$$\limsup_{n\rightarrow\infty}\frac{1}{a_{n}}\biggl\{ H_{n}( \omega)- \sum_{t\in T^{(n)}\setminus\{o\}}\frac{\ln[E[e^{\lambda g_{t}(X_{{1}_{t}},X_{t})}|X_{{1}_{t}}]]}{\lambda}\biggr\} \leq0 \quad \mbox{a.e.}$$
(20)

By (5), (18), (20), and the inequalities $$\ln x \leq x-1$$ ($$x>0$$), $$0\leq e^{x}-1-x\leq2^{-1}x^{2}e^{|x|}$$, we have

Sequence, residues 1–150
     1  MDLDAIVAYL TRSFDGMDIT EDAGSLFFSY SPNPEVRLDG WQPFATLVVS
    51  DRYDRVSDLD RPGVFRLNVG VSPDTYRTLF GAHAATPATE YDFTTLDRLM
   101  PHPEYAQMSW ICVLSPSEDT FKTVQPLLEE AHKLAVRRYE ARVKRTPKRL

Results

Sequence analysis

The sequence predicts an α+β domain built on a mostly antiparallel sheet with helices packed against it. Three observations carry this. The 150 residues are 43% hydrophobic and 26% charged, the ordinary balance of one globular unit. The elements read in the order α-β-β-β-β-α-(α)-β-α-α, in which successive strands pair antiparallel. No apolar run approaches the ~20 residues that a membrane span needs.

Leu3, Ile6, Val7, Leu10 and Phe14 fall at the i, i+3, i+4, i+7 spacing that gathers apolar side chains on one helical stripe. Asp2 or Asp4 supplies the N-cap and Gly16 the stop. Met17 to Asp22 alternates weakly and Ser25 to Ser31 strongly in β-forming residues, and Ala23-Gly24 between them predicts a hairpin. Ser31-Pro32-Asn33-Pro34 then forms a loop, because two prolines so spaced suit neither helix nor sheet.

\begin{aligned}& \limsup_{n\rightarrow\infty}\frac{1}{|T^{(n+N)}|}\biggl[ H_{n}( \omega)-\sum_{t\in T^{(n)}\setminus\{o\}}E\bigl[ g_{t}(X_{{1}_{t}},X_{t})|X_{{1}_{t}} \bigr]\biggr] \\& \quad \leq \limsup_{n\rightarrow\infty}\frac{1}{|T^{(n+N)}|}\sum _{t\in T^{(n)}\setminus\{o\}}\biggl\{ \frac{\ln[E[e^{\lambda g_{t}(X_{{1}_{t}},X_{t})}|X_{{1}_{t}}]]}{\lambda}-E\bigl[ g_{t}(X_{{1}_{t}},X_{t})|X_{{1}_{t}} \bigr]\biggr\} \\& \quad \leq \limsup_{n\rightarrow\infty}\frac{1}{|T^{(n+N)}|}\sum _{t\in T^{(n)}\setminus\{o\}}\biggl\{ \frac{E[e^{\lambda g_{t}(X_{{1}_{t}},X_{t})}|X_{{1}_{t}}]-1}{\lambda}-E\bigl[ g_{t}(X_{{1}_{t}},X_{t})|X_{{1}_{t}} \bigr]\biggr\} \\& \quad \leq \frac{\lambda}{2}\limsup_{n\rightarrow\infty}\frac{1}{|T^{(n+N)}|} \sum_{t\in T^{(n)}\setminus\{o\}}E\bigl[g_{t}^{2}(X_{{1}_{t}},X_{t})e^{\lambda| g_{t}(X_{{1}_{t}},X_{t})|}|X_{{1}_{t}} \bigr] \\& \quad = \frac{\lambda}{2}\limsup_{n\rightarrow\infty}\frac{1}{ |T^{(n+N)}|}\sum _{t\in T^{(n)}\setminus\{o\}}E\bigl[\bigl(d^{N}(t) \delta_{k}(X_{t})\bigr)^{2}e^{{\lambda }|d^{N}(t)\delta_{k}(X_{t})|}|X_{{1}_{t}} \bigr] \\& \quad \leq \frac{\lambda}{2} \limsup_{n\rightarrow\infty}\frac{1}{ |T^{(n+N)}|} \sum_{t\in T^{(n)}\setminus\{o\}}\bigl[\bigl(d^{N}(t) \bigr)^{2}e^{{\lambda }d^{N}(t)}P_{t}(k|X_{{1}_{t}})\bigr] \\& \quad \leq \frac{\lambda}{2} \limsup_{n\rightarrow\infty}\frac{1}{ |T^{(n+N)}|} \sum_{t\in T^{(n)}\setminus\{o\}}\bigl[\bigl(d^{N}(t) \bigr)^{2}e^{{\lambda}d^{N}(t)}\bigr]. \end{aligned}